Rabat – The practice of diplomacy will no longer be the same in the post-pandemic world, Morocco’s ambassador in South Africa said on Tuesday.
Appearing on Al Jazeera’s “Inside Story” program, Ambassador Youssef Amrani argued that COVID-19 has been a major paradigm shift for diplomats and the practice of diplomacy in a post-pandemic world with new, unprecedented challenges.
Discussing the theme “Is digital diplomacy a future alternative?”, Amrani and other illustrious panelists – Tom Fletcher, the principal of Hertford College at Oxford University, and Theresa Fallon, the president of the Center for Russia, Europe, Asia Studies – argued that the pandemic has been a formidable challenge for governments and the global order.
But, they agreed, the virus has also been a much-needed reminder that the time has long passed to update some of the long-standing tools and certainties that have governed relations between nations for much of the past decades.
“The global COVID-19 pandemic has imposed a new reality to which we all have to adapt. And diplomats and ambassadors make no exception,” he said. “The pandemic has challenged the way we do and perform our job, has challenged also the way we interact with one another, and the way also the world conceives cooperation skills and diplomacy.”
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Chief in Amrani’s argumentation is the assumption that the pandemic has compellingly put forth the notion that many of the traditional tools of diplomacy are no longer adapted to the needs of the current, fast-moving global order. As times and priorities change across the world, diplomacy needs to adapt, he argued. The pandemic he explained, “has led us to question what we used to take for granted.”
For Amrani, however, because diplomacy is all about “impact and influence,” digital diplomacy should not be embraced as the replacement of the old-fashioned way.
“Nothing replaces direct contact, meeting rooms in New York, Vienna or Geneva, where you can find the best possible compromise through negotiation. Digital tools cannot replace humans. It must be a vector of rapprochement and not a replacement,” he said.
This means that, unlike the multilateralism-bashing commentators who have taken the view that COVID-19 has fundamentally exposed the obsolescence of global diplomacy, the Moroccan ambassador thinks that some aspects of the old order need to be salvaged.
Halfway through the panel, Tom Fletcher described diplomacy as “Darwinian.” He explained that cooperation between nations has never been static and has always evolved and improved by embracing the social dynamics and integrating the latest technological advances.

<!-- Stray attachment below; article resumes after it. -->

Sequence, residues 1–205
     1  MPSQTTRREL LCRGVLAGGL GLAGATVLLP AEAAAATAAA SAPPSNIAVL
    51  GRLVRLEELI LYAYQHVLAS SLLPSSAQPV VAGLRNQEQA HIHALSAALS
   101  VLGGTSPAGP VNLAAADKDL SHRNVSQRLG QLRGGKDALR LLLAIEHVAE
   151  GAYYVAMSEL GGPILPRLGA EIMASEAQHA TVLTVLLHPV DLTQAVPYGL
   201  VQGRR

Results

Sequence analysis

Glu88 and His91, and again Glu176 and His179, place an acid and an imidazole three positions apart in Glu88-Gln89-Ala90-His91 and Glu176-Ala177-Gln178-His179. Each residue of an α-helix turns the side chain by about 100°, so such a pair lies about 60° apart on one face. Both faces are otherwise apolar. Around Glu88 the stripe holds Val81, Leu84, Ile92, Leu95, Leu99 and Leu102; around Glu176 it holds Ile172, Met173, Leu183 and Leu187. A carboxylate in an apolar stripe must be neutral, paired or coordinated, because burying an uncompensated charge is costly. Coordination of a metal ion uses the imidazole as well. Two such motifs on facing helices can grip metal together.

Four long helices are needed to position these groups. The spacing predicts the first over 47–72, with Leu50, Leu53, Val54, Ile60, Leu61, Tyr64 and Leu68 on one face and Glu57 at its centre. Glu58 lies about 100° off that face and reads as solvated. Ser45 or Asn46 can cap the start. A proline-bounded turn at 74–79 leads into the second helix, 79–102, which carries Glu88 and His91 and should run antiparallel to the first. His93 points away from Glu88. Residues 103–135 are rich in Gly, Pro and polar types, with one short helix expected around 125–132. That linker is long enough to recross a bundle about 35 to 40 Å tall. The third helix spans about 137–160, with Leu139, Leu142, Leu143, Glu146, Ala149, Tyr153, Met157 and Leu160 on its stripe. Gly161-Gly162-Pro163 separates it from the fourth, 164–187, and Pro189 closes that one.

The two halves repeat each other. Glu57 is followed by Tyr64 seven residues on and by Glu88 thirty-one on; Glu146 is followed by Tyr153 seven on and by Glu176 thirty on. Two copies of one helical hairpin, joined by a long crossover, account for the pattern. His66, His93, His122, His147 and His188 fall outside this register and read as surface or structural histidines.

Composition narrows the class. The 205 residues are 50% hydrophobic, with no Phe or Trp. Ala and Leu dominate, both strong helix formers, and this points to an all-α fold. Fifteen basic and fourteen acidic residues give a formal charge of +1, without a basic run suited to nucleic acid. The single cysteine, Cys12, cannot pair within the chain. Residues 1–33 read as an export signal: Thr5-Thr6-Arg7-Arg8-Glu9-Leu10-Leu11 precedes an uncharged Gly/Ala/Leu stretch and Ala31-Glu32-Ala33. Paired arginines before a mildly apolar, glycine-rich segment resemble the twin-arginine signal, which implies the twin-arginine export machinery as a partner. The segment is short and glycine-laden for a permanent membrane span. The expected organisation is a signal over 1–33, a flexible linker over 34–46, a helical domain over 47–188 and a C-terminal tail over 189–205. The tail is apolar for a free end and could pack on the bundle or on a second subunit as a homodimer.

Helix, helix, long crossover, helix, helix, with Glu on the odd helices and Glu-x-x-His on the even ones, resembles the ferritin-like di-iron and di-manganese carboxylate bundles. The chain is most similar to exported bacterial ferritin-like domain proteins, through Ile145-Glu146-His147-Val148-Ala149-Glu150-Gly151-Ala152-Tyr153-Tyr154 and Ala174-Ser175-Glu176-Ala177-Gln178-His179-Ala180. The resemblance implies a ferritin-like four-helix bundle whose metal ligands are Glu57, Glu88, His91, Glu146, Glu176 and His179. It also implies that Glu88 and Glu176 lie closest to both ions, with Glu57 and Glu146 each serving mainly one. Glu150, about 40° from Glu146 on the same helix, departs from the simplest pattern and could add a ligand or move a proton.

Amrani agreed. While the COVID-19 crisis has forced diplomats to “come out of our bubbles” to directly engage society, it has also highlighted the importance of person-to-person meetings when it comes to dealing with extremely sensitive diplomatic issues.
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As he sees it, the challenge for diplomats in the coming months and years is to adapt, update some of their tools. The point is not to radically repudiate the founding pillars of pre-pandemic diplomacy; the point is to rethink them, he explained.
“Today, we have to move fast, think fast, and communicate in the moment. But the risk is to lose track too quickly. Diplomacy is a long process, [it’s about] deep and long-term action,” the Ambassador declared.
“So digital diplomacy must not be an instrument that favors the moment over the future. We must use digital diplomacy, but with control and caution. Otherwise, we risk losing relevance in trying to get efficiency.”
But Amrani’s participation in the Al Jazeera panel is not the first time that the Moroccan ambassador has called for diplomats to reinvent diplomacy to rise to the multifaceted challenges of the post-pandemic world.
In an op-ed in April 2020, Amrani wrote that the increasingly fragile and apparently out of sync international system needs serious rethinking and re-adaptation to be able to survive the challenges ahead as countries race to get to the COVID-19 finishing line.
“Africa is the continent where this paradigm shift in the exercise of diplomatic action will be most eloquently observed,” he wrote. “The challenge for African countries is real and the continent’s ability to take charge of its destiny is now under scrutiny. Africa post-COVID-19 will be substantially different.”